Pingy is the name we give to the extending lead that we used when walking the dog when we don't want to let him run free but we want him to be able to sniff and explore things nearby. We use it when we are in parks, or out on long walks where we might come across other people or other dogs, or where we might go close to a road. It's a solid, professional standard lead, that extends to about 10 metres, but can quickly be pulled back in when we need to.
It's not that the dog doesn't understand 'come', and most of the time he is very obedient and does just that when called. It's just that he is a little wilful and if he is doing something interesting he will hesitate before returning. He also has a very high prey drive, and if he sees something fluffy or fast, such as deer or a sheep, a red mist descends and he becomes deaf and blind to anything else other than the chase. He will take off instantly and chase whatever it is he has seen until he has calmed down or lost the scent or until he remembers himself. This can take anything from two to thirty minutes.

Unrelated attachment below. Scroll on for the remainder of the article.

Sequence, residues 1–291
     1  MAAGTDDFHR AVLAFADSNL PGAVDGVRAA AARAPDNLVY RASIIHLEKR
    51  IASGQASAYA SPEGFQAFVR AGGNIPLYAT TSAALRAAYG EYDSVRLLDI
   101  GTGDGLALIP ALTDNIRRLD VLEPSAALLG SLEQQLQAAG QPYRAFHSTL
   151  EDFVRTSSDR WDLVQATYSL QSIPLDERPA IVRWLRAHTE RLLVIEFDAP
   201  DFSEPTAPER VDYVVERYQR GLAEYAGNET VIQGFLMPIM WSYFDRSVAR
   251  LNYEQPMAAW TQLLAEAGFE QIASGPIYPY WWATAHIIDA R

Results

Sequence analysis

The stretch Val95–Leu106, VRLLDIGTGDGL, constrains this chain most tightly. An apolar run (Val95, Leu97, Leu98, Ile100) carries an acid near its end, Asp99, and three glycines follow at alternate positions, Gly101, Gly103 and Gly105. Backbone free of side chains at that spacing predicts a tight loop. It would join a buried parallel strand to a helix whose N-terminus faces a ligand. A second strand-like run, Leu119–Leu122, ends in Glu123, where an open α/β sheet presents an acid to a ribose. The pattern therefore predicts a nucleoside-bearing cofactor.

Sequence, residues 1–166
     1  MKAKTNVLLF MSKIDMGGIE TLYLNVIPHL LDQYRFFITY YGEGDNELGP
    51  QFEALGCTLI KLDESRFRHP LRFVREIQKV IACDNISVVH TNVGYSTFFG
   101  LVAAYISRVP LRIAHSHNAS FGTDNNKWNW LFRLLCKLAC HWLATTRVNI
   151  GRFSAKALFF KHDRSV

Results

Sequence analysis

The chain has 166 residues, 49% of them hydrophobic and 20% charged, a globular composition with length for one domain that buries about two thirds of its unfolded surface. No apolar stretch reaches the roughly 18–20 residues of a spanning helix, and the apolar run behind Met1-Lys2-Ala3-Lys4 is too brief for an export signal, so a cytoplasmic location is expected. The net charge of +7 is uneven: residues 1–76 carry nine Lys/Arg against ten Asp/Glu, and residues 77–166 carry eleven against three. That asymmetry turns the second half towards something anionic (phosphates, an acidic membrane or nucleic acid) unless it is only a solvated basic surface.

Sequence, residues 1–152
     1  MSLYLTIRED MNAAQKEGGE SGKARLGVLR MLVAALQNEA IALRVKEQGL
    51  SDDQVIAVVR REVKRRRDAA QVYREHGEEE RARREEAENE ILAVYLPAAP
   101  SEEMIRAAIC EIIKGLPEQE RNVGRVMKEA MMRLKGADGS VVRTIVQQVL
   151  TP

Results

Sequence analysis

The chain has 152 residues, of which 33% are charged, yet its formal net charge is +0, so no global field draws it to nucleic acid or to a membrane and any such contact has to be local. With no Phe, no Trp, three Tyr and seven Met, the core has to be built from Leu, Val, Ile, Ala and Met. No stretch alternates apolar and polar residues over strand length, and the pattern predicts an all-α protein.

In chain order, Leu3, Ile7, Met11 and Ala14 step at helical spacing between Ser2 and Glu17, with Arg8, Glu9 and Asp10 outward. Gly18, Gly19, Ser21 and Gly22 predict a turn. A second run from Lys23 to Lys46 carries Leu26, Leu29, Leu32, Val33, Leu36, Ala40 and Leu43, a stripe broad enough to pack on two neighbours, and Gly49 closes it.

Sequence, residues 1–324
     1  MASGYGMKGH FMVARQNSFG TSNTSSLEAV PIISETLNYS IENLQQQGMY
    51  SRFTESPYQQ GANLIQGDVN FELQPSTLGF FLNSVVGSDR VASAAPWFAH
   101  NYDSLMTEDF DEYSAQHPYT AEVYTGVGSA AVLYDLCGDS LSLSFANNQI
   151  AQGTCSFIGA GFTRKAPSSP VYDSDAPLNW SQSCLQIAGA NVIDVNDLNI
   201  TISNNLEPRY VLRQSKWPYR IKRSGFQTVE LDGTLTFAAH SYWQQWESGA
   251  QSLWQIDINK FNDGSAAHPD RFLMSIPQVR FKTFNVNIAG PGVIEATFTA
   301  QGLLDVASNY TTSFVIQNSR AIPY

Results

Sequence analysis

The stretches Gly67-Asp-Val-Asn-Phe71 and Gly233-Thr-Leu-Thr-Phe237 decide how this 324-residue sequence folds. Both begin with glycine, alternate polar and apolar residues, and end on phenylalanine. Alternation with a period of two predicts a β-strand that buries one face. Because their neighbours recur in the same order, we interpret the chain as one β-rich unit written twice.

Today we went for our evening walk and I noticed that our neighbours sheep were in our field, so we ventured out with pingy. For a while he didn't notice the sheep, but then he got a scent and got exited. He still didn't see them, but then as we came over the hill they were there. I thought I had the lead locked short but it must have slipped, so he took off at full pelt. Realising that when he got to the end of the lead I was either going to dislocate my shoulder or he was going to strangle himself I had no option but to let go.
I watched the stinky dog charge 100 or so metres with the extending lead flying behind him. I watched the sheep run through the hole in the fence from whence they came, and I watched him jump over the fence trailing pingy behind him, getting it caught in the fence for a while and then pulling it free. Dog and sheep disappeared.
I ran over quickly calling him all the time, worried that he had gone down into the woods with the lead trailing behind him; imaging him hanging from a branch or tree, with the sheep gloating in glee at the bottom.
I got round the corner and saw him wandering back, lead still there, looking annoyed that he had been hampered in his sheep chasing activities. Panic over!